Competing with online shops: should you create an online shop?

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The e-commerce sector has been growing continuously for many years.


This continues to be the case in France in 2021 with a 15% increase in online sales in a quarter. And growth remains strong in Belgium, with more than €5.5 billion spent in the first half of 2021.


This doesn’t mean that bricks-and-mortar shops are dead: far from it! But it’s important to take a closer look at this increasingly widespread phenomenon.


That’s the purpose of this article, in which I will help you to understand e-commerce, followed by a discussion of the pros and cons of opening an online shop!

 

What exactly is an online shop?

Definition of e-commerce

Online shop, e-commerce site, web store, e-shop... There’s a wide range of terms which all correspond roughly to the same idea: offering your products for sale on the Internet, generally with delivery (whether free or paid for) to the customer’s home.


In practice, this involves several technical elements:

  • you need to have a website which includes an e-commerce module,
  • you need to have an online payment solution, whether via credit or debit card, PayPal or something else,
  • you need to have the ability to easily retrieve orders received online so that you can process them in your “order picking centre”, which is usually the back office for small businesses :)

Another term to be aware of is click and collect, where customers place and pay for their orders online and then collect them from your physical shop. This option has become much more widespread since the beginning of the Covid pandemic and successive lockdowns.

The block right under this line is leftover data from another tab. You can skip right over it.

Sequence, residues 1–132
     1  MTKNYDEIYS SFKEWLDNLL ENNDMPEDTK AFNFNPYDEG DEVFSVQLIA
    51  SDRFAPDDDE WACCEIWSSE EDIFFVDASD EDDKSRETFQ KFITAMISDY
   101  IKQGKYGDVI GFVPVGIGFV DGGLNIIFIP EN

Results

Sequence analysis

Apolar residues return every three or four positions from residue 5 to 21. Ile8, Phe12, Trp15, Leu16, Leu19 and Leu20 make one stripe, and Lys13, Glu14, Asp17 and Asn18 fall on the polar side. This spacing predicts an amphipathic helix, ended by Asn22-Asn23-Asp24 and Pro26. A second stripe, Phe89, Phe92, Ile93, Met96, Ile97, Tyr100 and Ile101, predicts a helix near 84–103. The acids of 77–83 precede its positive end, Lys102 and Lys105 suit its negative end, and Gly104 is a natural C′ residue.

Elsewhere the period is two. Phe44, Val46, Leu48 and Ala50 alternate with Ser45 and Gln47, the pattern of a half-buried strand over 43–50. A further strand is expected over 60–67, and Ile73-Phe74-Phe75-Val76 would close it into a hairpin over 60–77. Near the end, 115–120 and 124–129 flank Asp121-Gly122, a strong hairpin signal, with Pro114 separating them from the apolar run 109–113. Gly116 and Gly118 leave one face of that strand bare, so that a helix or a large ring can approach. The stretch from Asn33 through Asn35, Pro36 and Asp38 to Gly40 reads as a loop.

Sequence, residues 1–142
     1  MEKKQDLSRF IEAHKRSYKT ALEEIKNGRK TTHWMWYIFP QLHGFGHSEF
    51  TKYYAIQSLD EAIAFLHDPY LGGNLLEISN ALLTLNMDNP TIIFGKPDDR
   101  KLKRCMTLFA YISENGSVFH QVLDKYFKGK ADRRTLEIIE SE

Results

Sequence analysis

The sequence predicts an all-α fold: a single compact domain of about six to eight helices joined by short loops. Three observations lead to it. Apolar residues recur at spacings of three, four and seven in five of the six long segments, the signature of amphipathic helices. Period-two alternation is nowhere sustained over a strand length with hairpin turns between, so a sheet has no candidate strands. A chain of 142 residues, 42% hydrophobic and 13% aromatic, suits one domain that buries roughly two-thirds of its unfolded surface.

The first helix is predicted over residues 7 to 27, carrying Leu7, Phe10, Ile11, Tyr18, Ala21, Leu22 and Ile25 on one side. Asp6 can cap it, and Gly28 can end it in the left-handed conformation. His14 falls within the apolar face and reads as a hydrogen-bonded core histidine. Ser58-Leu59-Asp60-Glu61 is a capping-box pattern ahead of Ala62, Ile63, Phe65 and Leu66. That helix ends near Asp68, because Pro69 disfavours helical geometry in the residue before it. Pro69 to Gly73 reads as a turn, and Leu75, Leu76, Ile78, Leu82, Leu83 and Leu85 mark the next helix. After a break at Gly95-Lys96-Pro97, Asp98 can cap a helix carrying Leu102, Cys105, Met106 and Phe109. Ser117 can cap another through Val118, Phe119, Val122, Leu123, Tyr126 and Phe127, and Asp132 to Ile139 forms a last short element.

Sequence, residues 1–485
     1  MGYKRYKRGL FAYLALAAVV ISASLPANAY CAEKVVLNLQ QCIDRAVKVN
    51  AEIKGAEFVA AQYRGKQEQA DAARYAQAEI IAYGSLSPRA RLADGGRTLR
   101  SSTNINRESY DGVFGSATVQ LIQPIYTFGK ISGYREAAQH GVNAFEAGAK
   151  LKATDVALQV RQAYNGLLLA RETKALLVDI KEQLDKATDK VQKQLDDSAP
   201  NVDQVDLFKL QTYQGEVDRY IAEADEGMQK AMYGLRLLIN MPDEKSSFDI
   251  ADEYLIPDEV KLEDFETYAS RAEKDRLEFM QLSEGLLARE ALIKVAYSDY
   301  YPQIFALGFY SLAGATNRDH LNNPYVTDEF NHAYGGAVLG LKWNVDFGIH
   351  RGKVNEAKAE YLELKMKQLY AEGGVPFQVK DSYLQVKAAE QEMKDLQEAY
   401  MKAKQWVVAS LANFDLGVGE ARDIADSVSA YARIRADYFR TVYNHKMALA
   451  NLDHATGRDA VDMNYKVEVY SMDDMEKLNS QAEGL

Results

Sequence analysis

At a purely technological level, you will need to choose a platform to host your e-commerce site.

If you use a CMS (such as WordPress, for example) for your website, you’ll usually find excellent modules to create an online shop (WooCommerce if you use WordPress).


If you prefer a solution with fewer technical aspects to manage, I recommend considering Shopify, Prestashop or other major market players. These platforms make it possible to create your online shop without having to manage a web server or any technical aspects of online infrastructure. This saves a lot of time and reduces the risk of your site being attacked or disabled!


These platforms cost a few dozen euros per month.


Find our selection of the most efficient platforms to create your online shop.


Formal and informal rules and regulations

When starting out online, you need to follow the rules of the game, particularly when it comes to the General Data Protection Regulation or GDPR.

The aim of this article isn’t to go into the details of the GDPR but to encourage you to use your favourite search engine to find blogs and articles which explain this law and take them into account!


When it comes to informal (but important!) best practices, if you decide to go into e-commerce, I recommend the excellent training (and certification) from Opquast.com.

It explains more than 200 rules and best practices, from how to design an online sales process to how to handle complaints. It’s very comprehensive and very helpful! 

 

Advantages and disadvantages of an online shop

The advantages of opening an online shop

There are many advantages to opening an online shop.